Although no one has actually asked me, I know hundreds – no thousands – of you loyal readers are just dying to know my secret to writing such an engaging and witty column every week. I’ve decided that I’d give you the inside scoop on how I pull it off.
Every column has to have an idea – an inspiration for every letter that I type. It can be a funny thing that happened to me that week, or something bigger that I’ve been thinking about for a while. (Can you tell I didn’t have a good idea for this one?)
My columns all usually have a similar structure: the hook, an exposition, a middle and a meaningful – yet clever – ending that ties up all the loose ends.
I start the actual writing process by composing all of the thoughts that I have off of the top of my head. As the paragraphs form, I usually am impressed at how easy the words come out. Then I hit the 300-word count slump. In order to properly fit this opinion page, my column has to be between 500 and 550 words; the freeze-up happens just over halfway, so I struggle for more things to say. To help cure my writer’s block, I reread what I’ve written – adding filler words where I can – and try to add a paragraph or two. Occasionally, when it’s really bad, I give it a break or ask my mom for some help.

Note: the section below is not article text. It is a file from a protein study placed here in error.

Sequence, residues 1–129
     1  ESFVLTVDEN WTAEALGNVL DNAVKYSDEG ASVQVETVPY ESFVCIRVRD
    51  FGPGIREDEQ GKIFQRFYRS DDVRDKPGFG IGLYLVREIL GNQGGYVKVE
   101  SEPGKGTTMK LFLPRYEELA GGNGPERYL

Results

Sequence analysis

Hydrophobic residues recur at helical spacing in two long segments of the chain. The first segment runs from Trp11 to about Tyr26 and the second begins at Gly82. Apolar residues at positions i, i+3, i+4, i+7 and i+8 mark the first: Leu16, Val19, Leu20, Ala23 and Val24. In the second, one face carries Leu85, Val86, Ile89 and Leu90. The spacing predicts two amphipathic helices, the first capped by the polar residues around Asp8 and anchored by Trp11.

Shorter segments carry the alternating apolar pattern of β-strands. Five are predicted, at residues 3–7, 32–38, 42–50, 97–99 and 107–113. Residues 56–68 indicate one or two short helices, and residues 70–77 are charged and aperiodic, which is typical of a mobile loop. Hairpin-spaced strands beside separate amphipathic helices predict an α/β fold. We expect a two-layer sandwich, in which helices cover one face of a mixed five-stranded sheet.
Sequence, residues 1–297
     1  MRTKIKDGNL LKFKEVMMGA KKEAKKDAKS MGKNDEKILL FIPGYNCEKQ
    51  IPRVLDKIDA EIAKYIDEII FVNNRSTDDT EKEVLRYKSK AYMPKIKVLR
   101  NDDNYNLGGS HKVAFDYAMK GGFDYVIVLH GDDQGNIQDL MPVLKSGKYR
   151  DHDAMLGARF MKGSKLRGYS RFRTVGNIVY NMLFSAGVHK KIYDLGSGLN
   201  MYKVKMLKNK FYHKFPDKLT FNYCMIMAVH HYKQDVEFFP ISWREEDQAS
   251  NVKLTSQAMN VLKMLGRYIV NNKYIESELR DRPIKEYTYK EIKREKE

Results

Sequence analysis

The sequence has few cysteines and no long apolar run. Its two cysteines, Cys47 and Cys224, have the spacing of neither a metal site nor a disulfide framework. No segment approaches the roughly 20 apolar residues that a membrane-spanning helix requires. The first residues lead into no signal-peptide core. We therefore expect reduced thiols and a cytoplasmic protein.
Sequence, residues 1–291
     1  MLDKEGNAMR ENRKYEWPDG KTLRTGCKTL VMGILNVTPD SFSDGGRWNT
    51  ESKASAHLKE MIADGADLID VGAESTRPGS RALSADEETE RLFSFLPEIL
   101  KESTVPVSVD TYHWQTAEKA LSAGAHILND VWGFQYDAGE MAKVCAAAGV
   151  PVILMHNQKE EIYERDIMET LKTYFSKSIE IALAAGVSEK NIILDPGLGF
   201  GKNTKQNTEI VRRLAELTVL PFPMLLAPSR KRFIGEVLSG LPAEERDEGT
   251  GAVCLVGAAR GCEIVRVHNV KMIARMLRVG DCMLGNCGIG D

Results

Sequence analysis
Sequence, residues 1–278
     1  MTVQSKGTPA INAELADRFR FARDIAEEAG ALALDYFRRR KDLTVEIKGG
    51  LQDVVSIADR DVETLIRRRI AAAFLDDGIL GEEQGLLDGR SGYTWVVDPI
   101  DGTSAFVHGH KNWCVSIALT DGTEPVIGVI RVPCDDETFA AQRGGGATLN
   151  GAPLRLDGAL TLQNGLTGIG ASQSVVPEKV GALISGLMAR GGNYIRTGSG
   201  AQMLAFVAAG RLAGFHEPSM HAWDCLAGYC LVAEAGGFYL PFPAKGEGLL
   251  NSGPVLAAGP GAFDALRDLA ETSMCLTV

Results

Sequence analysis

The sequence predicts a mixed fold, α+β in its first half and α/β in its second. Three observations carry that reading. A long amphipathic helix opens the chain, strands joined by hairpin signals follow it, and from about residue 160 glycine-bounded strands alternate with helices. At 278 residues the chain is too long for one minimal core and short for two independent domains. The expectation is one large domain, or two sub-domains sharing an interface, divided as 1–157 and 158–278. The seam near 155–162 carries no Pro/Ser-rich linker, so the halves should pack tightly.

Another important part of every column is the deadline. This occasionally (or always) helps to form the direction of my column, forcing me to build it up in some spots and scrap other sections completely. But definitely not because I procrastinate at all. I just get really anxious to turn it in early for extra credit and stuff.
Once my work is a sufficient length, I copy on my tag at the very end, write an intriguing headline and double check my formatting: double spaces between paragraphs, proper punctuation and my name in all caps at the head. Pretty soon, it’s off to my editor via the Internet! I usually never see the column again. The day it’s in print, my parents tell me that they enjoyed it, and I thank them, but I never read it myself. Call it crazy, but it’s weird looking at it the way that everyone else does; I prefer to read it on my laptop throughout the many changes I make. Besides, I do not enjoy having my oh-so charming headshot stare me down in the morning.
The powers that be at the Kane County Chronicle have made it pretty easy for a teenager like me to write a column; almost anyone could do it. It’s a great experience for young writers (cough, cough, future high school columnists), and I’m so glad I’ve made it work with my writing style.
• Brigid Ackerman is a recent graduate of St. Charles East High School. She enjoys playing the trumpet, eating bread,and writing this column, which now runs every Thursday. Contact her at email@example.com.